Treatment for HCV Slows Progression of CKD

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Direct-acting antiviral therapy for hepatitis C virus (HCV) slows the decline in kidney function for patients with comorbid chronic kidney disease (CKD), reports a study in Kidney International.

The retrospective study included 1178 HCV-infected patients who started DAA therapy between 2013 and 2017. All included patients were compliant with DAA treatment, had not undergone organ transplantation or started dialysis, and had available data on baseline creatinine. The patients’ mean age was 46 years; 64% were male and 71% were white, 42% had cirrhosis, and 21% had diabetes. The slope of decline in estimated glomerular filtration rate (eGFR) was

Direct-acting antiviral therapy for hepatitis C virus (HCV) slows the decline in kidney function for patients with comorbid chronic kidney disease (CKD), reports a study in Kidney International.

The retrospective study included 1178 HCV-infected patients who started DAA therapy between 2013 and 2017. All included patients were compliant with DAA treatment, had not undergone organ transplantation or started dialysis, and had available data on baseline creatinine. The patients’ mean age was 46 years; 64% were male and 71% were white, 42% had cirrhosis, and 21% had diabetes. The slope of decline in estimated glomerular filtration rate (eGFR) was compared for the 3 years before to after DAA therapy.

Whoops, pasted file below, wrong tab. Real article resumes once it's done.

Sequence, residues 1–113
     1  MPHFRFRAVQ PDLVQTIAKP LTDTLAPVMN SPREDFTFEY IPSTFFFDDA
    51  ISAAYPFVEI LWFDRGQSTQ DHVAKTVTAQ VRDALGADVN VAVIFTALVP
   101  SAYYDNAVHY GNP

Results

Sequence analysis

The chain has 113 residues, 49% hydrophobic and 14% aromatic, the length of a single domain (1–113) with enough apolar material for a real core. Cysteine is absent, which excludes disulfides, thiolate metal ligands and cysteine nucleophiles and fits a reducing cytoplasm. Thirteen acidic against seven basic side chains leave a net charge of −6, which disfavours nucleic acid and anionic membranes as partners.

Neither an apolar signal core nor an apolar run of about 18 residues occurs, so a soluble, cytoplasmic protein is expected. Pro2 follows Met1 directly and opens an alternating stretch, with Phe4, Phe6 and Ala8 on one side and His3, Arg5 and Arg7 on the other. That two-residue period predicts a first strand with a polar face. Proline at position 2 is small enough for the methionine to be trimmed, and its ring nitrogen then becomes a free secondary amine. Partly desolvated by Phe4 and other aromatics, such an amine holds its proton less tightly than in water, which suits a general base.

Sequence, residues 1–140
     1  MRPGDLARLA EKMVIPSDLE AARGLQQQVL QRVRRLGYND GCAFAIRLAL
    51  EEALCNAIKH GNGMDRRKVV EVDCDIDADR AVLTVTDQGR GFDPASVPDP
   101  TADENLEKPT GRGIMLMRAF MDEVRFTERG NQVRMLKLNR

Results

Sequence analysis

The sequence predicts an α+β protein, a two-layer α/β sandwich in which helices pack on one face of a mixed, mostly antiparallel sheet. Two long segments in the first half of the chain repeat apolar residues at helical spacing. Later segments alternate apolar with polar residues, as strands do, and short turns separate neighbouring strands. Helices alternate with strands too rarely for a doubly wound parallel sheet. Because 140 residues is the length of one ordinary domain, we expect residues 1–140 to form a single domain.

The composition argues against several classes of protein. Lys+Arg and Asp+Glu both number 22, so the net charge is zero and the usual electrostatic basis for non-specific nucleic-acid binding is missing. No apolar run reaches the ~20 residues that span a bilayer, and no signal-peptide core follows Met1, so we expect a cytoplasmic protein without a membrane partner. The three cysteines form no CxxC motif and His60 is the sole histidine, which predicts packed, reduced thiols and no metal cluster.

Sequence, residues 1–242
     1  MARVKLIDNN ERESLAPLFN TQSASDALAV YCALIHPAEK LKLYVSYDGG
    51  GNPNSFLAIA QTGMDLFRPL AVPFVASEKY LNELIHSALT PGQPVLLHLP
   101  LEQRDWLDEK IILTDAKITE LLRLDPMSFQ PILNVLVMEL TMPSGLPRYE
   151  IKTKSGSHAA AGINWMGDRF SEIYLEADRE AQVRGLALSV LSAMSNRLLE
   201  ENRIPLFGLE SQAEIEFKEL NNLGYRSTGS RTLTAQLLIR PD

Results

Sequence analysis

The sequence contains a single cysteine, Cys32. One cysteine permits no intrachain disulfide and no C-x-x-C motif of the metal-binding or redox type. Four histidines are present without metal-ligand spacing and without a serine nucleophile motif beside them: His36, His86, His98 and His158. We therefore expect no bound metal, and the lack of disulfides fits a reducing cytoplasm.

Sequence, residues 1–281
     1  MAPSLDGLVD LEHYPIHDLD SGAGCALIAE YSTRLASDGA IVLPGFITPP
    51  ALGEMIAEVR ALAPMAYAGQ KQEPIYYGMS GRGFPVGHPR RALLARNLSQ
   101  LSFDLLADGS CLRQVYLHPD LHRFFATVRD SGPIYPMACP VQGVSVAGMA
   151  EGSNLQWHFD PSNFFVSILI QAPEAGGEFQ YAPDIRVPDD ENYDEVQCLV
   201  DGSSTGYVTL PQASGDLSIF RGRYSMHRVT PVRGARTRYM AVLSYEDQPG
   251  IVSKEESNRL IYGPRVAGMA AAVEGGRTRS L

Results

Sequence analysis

At baseline, 115 patients had an eGFR of less than 60 mL/min/1.73 m2. In this group, the annual decline in eGFR for the 3 years before treatment was −5.98 mL/min per year, improving to −1.32 mL/min per year after DAA therapy. Patients with normal baseline kidney function had no significant change in rate of eGFR decline from before to after DAA treatment: −1.43 to –2.33 mL/min per year.

Improvement in albuminuria after DAA therapy occurred only in diabetic patients. Baseline CKD was a significant predictor of improvement in eGFR, as was the absence of diabetes. Acute kidney injury occurred in 29 patients but was considered “possibly related to DAAs” in less than one-fourth of cases.

New DAA medications are highly effective in curing HCV infection. Hepatitis C virus can accelerate progression of CKD. However, little is known about the short- or long-term effects of DAA treatment on eGFR.

The new findings suggest that, among patients with CKD, treatment with DAA for HCV infection leads to improvement in the slope of eGFR decline. Longer follow-up will be needed to assess the impact of DAA therapy on progression to kidney failure [Sise M, et al. Direct-acting antiviral therapy slows kidney function decline in patients with hepatitis C virus infection and chronic kidney disease. Kidney Int 2020; 97:193–201].

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